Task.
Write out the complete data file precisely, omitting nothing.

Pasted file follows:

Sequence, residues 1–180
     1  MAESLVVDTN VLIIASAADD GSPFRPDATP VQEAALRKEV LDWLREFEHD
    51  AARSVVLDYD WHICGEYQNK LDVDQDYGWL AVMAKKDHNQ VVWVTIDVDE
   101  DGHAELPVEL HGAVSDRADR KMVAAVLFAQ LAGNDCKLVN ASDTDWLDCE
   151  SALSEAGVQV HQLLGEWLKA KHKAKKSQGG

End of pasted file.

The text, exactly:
Sequence, residues 1–180
     1  MAESLVVDTN VLIIASAADD GSPFRPDATP VQEAALRKEV LDWLREFEHD
    51  AARSVVLDYD WHICGEYQNK LDVDQDYGWL AVMAKKDHNQ VVWVTIDVDE
   101  DGHAELPVEL HGAVSDRADR KMVAAVLFAQ LAGNDCKLVN ASDTDWLDCE
   151  SALSEAGVQV HQLLGEWLKA KHKAKKSQGG